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heusler
Fig. 1: Crystalline structures of both (a) half and (b) full Heusler alloys; C1b and L21 structures, respectively. Atomically disordered structures, (c) B2 and (d) A2, are also shown [1].

Among proposed half-metallic ferromagnets (HMFs), the Heusler alloys holds the greatest potential to realize the half-metallicity at room temperature (RT) due to their lattice constant matching with the III-V semiconductors, high Curie temperature above RT and large bandgap at EF in general. The Heusler alloys are categorized into two distinct groups by their crystalline structures; half Heusler alloys with the form of XYZ in the C1b structure and full Heusler alloys with the form of X2YZ in the L21 structure as schematically drawn in Figs. 1(a) and (b), respectively, where X and Y atoms are transition metals, while Z is either a semiconductor or a non-magnetic metal (see Fig. 2) [1]. The unit cell of the L21 structure consists of four face-centered cubic (fcc) sublattices, while that of the C1b structure is formed by removing one of the X sites. In the Heusler alloys, the half-metallicity is known to be fragile against atomic disorder. For the L21 structure, when the Y and Z atoms replace their sites (Y-Z disorder) and eventually occupy their sites absolutely at random, the alloy transforms into the B2 structure (Fig. 1(c)). In addition, X-Y and X-Z disorder finally forms the A2 structure (Fig. 1(d)).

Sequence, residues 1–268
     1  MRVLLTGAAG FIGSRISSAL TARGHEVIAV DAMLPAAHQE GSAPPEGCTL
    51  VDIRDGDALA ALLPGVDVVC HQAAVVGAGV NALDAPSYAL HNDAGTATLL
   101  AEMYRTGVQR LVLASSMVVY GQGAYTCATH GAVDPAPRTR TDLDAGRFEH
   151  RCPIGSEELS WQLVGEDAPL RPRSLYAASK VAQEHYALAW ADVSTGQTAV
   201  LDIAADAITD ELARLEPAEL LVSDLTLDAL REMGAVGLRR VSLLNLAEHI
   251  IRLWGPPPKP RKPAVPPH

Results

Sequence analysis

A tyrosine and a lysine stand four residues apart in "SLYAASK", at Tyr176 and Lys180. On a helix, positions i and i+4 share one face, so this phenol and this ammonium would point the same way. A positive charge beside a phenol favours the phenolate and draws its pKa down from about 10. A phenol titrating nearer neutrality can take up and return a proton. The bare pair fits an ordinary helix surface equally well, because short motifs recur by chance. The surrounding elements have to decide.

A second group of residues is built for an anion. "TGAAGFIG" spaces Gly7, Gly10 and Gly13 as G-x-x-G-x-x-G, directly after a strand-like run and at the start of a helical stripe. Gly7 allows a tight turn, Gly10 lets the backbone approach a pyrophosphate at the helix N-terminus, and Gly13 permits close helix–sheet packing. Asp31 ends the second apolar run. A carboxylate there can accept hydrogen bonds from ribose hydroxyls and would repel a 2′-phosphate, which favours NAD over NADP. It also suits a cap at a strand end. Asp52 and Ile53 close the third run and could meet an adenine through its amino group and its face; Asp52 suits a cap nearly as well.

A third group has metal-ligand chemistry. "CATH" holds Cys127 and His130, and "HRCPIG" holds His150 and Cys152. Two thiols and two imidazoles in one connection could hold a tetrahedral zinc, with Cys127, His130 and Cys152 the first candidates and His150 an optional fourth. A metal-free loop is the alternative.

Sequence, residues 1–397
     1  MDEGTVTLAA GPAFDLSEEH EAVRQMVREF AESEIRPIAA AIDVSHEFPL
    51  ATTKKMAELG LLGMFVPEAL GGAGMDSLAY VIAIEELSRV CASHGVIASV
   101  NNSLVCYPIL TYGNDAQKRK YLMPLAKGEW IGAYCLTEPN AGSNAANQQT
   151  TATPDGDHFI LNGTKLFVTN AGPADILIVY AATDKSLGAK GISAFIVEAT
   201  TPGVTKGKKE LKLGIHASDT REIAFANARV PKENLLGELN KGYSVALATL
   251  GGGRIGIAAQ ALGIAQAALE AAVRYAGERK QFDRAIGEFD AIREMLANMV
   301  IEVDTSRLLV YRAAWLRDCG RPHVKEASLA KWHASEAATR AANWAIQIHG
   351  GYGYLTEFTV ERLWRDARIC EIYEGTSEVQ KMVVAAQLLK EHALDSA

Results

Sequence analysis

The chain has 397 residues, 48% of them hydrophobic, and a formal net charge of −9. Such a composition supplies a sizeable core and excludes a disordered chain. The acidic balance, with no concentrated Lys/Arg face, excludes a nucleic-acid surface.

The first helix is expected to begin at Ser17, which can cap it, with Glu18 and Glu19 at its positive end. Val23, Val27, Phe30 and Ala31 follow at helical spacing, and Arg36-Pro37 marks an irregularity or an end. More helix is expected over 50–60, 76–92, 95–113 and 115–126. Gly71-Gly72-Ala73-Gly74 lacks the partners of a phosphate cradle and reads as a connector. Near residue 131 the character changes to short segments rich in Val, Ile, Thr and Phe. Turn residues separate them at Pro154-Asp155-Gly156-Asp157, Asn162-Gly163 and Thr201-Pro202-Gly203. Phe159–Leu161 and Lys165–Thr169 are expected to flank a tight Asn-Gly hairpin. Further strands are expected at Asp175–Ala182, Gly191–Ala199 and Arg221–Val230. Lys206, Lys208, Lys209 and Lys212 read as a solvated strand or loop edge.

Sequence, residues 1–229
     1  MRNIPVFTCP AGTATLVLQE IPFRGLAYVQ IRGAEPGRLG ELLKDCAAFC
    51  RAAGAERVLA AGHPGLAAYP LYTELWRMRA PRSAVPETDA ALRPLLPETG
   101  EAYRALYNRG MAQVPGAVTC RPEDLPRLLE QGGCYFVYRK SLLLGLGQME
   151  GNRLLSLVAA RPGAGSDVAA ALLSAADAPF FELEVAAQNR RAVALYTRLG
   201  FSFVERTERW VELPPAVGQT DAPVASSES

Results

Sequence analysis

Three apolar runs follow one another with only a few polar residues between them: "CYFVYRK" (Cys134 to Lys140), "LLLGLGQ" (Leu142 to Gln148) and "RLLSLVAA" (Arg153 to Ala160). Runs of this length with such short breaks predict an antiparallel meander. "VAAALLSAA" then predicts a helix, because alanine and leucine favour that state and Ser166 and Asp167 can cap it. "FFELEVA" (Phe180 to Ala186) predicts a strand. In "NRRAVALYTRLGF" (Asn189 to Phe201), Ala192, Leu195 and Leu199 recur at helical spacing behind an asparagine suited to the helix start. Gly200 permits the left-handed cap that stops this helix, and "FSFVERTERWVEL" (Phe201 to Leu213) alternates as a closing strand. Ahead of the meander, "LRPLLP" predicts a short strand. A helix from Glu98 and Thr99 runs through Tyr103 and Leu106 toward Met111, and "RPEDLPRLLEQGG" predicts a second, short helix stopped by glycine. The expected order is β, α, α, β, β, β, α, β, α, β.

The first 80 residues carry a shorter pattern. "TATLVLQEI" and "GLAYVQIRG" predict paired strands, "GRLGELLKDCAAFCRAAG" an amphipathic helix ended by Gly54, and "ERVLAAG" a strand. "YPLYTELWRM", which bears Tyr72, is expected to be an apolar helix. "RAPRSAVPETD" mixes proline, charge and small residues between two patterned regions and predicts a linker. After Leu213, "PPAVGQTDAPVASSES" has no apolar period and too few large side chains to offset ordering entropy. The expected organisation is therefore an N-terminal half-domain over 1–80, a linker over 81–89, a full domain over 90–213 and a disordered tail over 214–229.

heusler_combinations
Fig. 2: Major combinations of Heusler alloy formation [1].

[1] P. J. Webster and K. R. A. Ziebeck, "Heusler Alloys," in Landolt-B_rnstein New Series Group III, Vol. 19C, H. R. J. Wijn (Ed.) (Springer, Berlin, 1988) p. 75.

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